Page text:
In 1955 he entered McGill University’s faculty of architecture and soon started to develop his own concept—modular highrise versions of the Mediterranean villages of his childhood. His thesis was a complex model that illustrated the original Habitat idea, accompanied by notes to describe the manufacture of the modules in a factory. “God forbid it ever gets built,” was the initial reaction of Sandy van Ginkel, Safdie’s thesis adviser. “It was absolutely wild, but I came to the conclusion that he took his thesis more seriously than any other stu-

dent I had seen.” Safdie graduated in 1961 with the Gold Medal in architecture.

To work within a vernacular context such as Jerusalem and to design from the ground up are two different experiences. In the past few months, families in Baltimore have been moving into Phase 1 of Coldspring, a new inner-city area planned and designed by Safdie. Built on an old quarry site. Coldspring is an attempt to attract people back from the suburbs by providing subsidized mortgages (IVi per cent on units costing between $33,000 and $58,000) and an interesting environment. “We hired Safdie,” said Robert Embry, former housing commissioner, “because he was on the cutting edge of architecture and we wanted someone who was willing to think new thoughts.”

What Safdie designed is a contemporary vernacular town. The 300-acre site has hills, ravines, even a hillside quarry which will be turned into a lake. Much of the residential area will be covered with high-density clusterhouses, each clusterhouse consisting of a number of apartment units, every one having a private garden, terrace and entrance.

Part of Safdie’s thesis model still sits on the bookshelf in his office, but the Gold Medal from McGill is not on the wall, nor is the Massey Medal, the top Canadian award for architecture that Safdie won in

1969 for Habitat, or the Synergy award as Architect of the Year, awarded to him in

1970 by the American Institute of Registered Architects, or any of the other awards Safdie has won. “I’m skeptical about awards,” he explains. “They are not a measure of performance.”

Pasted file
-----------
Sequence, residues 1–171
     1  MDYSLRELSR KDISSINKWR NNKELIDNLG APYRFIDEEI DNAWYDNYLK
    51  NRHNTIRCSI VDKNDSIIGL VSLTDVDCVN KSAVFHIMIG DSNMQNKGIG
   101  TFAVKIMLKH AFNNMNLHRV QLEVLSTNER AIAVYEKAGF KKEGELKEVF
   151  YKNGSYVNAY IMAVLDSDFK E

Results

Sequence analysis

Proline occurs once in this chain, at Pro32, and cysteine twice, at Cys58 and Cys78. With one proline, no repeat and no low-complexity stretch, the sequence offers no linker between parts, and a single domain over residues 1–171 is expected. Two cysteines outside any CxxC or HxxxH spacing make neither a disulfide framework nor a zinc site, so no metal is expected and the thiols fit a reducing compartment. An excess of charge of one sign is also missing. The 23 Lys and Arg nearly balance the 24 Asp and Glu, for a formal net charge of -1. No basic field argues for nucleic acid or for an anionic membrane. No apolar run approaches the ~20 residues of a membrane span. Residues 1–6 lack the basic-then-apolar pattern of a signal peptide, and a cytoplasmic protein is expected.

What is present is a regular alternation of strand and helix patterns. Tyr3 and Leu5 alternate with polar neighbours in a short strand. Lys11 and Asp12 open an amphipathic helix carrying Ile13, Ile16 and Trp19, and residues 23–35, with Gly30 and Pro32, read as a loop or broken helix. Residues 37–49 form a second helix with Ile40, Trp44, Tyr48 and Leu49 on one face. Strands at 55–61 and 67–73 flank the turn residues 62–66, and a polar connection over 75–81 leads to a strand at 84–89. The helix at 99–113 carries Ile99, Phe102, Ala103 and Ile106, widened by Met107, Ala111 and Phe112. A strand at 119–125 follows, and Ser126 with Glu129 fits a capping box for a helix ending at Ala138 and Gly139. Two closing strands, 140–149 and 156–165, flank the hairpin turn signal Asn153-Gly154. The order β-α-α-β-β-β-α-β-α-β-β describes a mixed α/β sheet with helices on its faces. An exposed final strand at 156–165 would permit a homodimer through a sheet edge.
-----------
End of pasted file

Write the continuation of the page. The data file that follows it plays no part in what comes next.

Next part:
Instead, Safdie has chosen to surround himself with more personal mementoes and objects. Beside his thesis model is a pair of antique brass draftsmen’s dividers. On the wall is a beautiful Arabian inscription in traditional caligraphy given to him by a friend, a color map of Senegal (where he has a major project under way), a

couple of pieces of West African art, and two Father’s Day cards and a drawing of Habitat signed and dated 1966, done by his daughter Taal, then aged five.

Safdie. married with two teen-age children. keeps his private life separate from work. “The inside of my home has never been photographed,” he affirms. When he has the chance, he prefers to spend his time w ith family and close friends, reading (Scientific American and New York Review of Books are favorites) or listening to music, especially Bach and the baroque period. Mostly he works. “He’s not a man of holidays,” comments architect and collaborator Maurice Desnoyers. “He’ll come back from Africa, literally travelling 24 hours, and go to work immediately. He has very strong resistance.”

But hard work does not always pay off. After Expo, a number of Habitat designs were done for clients in New York. Washington. D.C.. and Puerto Rico. Only Puerto Rico was built. At the same time other projects, such as a student union building at San Francisco State College, fell through. “I had a very strong frustration in the early ’70s. I w'orked on at least a dozen major projects that w'ere never built.”